While she didn't last long this season, she did impart a valuable piece of advice to Dany in their sole on-screen meeting.
"Be a dragon," she told Dany in response to Tyrion's more diplomatic plan to take Westeros. Given the other events of tonight's episode, Dany should heed Olenna's words if she wants to survive the next two seasons.
It seems like Game of Thrones is looking to make up for a lack of a full season by giving fans a particularly bloody set of episodes. We'll have to see who else dies in the coming weeks.
Scroll Down for 10 of the Most Shocking Deaths in Game of Thrones:
Season 1, Episode 6: "A Golden Crown"
About half way through the show's first season, Game of Thrones gave fans its first truly jaw-dropping death.
It wasn't just that they killed Viserys Targaryen. Dany's older brother had pretty much been asking for it since the first episode, after all. It was the way in which Viserys died that was so shocking. He was so incredibly obsessed with regaining the Iron Throne and placing a golden crown on his head.
So Khal Drogo, after having about as much of his brother-in-law as he could take, gave him a golden crown...one that was still liquid and grossly hot.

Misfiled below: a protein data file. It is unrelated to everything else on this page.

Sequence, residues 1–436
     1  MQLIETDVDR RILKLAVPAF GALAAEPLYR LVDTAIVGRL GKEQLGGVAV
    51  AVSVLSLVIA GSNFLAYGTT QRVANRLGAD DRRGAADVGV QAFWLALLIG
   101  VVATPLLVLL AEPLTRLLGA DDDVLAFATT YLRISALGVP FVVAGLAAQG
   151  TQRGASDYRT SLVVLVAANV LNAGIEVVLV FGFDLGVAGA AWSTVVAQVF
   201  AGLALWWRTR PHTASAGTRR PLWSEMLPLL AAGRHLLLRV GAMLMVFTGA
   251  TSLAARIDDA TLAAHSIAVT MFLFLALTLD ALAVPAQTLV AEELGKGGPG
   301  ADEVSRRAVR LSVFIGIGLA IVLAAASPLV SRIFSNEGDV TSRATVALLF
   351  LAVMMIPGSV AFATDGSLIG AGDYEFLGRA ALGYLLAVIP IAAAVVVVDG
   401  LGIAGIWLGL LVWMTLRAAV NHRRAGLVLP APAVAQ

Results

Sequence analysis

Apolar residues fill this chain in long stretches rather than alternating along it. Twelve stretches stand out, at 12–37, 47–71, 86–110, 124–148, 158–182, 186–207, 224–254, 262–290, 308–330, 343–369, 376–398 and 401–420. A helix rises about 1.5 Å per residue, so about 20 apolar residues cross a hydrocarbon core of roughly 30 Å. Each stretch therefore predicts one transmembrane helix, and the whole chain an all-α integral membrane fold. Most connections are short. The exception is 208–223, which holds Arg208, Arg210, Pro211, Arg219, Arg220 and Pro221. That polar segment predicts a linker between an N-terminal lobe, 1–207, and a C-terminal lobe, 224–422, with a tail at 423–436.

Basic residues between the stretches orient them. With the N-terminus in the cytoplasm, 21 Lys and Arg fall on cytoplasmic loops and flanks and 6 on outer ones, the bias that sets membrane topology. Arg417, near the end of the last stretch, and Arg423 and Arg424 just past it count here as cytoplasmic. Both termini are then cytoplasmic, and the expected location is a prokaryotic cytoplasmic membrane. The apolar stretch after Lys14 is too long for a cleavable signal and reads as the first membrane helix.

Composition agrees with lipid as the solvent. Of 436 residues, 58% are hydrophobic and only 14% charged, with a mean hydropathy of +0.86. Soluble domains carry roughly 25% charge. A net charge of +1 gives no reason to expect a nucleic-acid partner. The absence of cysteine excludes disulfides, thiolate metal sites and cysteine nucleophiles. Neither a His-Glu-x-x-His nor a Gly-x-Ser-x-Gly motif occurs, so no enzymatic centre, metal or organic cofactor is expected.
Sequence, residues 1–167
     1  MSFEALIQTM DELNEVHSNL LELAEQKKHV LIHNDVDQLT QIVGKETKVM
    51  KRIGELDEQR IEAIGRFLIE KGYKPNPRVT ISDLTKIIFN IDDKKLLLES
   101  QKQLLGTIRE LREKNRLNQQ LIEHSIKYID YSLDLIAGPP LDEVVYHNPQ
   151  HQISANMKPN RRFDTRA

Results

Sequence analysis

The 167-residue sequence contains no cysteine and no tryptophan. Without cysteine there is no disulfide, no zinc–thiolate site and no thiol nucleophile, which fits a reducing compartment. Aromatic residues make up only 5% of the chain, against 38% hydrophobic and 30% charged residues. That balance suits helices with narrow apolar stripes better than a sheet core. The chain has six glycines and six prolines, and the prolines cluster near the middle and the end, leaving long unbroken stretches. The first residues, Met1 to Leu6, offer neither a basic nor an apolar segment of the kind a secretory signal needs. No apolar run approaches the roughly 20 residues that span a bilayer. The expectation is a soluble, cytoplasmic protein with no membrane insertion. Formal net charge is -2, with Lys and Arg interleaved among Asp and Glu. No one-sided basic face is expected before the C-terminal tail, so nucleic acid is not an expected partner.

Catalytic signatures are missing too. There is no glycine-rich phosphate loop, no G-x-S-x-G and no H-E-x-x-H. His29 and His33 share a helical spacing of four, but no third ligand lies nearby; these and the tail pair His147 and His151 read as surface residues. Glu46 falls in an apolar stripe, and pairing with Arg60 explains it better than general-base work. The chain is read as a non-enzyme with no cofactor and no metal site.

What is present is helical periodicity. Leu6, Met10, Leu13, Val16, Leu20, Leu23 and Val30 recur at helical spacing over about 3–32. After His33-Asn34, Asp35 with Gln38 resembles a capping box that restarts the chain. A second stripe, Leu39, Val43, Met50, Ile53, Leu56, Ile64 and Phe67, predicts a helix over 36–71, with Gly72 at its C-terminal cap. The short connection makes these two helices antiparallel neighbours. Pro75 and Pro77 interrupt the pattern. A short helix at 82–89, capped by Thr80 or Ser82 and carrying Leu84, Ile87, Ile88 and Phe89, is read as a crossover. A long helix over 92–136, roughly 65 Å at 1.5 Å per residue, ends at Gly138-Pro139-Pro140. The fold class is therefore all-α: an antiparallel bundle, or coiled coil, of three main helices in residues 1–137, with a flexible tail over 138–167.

Season 4, Episode 9: "The Watchers on the Wall"
Jon Snow and Ygritte met under the strangest of circumstances, but are as close in rhetoric as any other star-crossed lovers. While Jon was out with a ranging party of the Night's Watch they were set upon by Wildings. Jon was forced to pretend to betray his brothers and join the Free Folk to survive.
Jon eventually earned the trust of the Wildlings and the heart of Ygritte. Though he was frequently tempted, he never truly betrayed his loyalty to the Night's Watch in his heart. Sadly, this is what killed Ygritte. Jon returns to the Wall and warns the Night's Watch of the impending assault from the Wildlings.
Unfortunately, he came face to face with Ygritte again only for a young members of the Night's Watch to shoot her with an arrow. She died in his arms.
Season 6, Episode 10: "The Winds of Winter"
Ramsay Bolton was one fo the most sinister and cruel villains in all of Game of Thrones.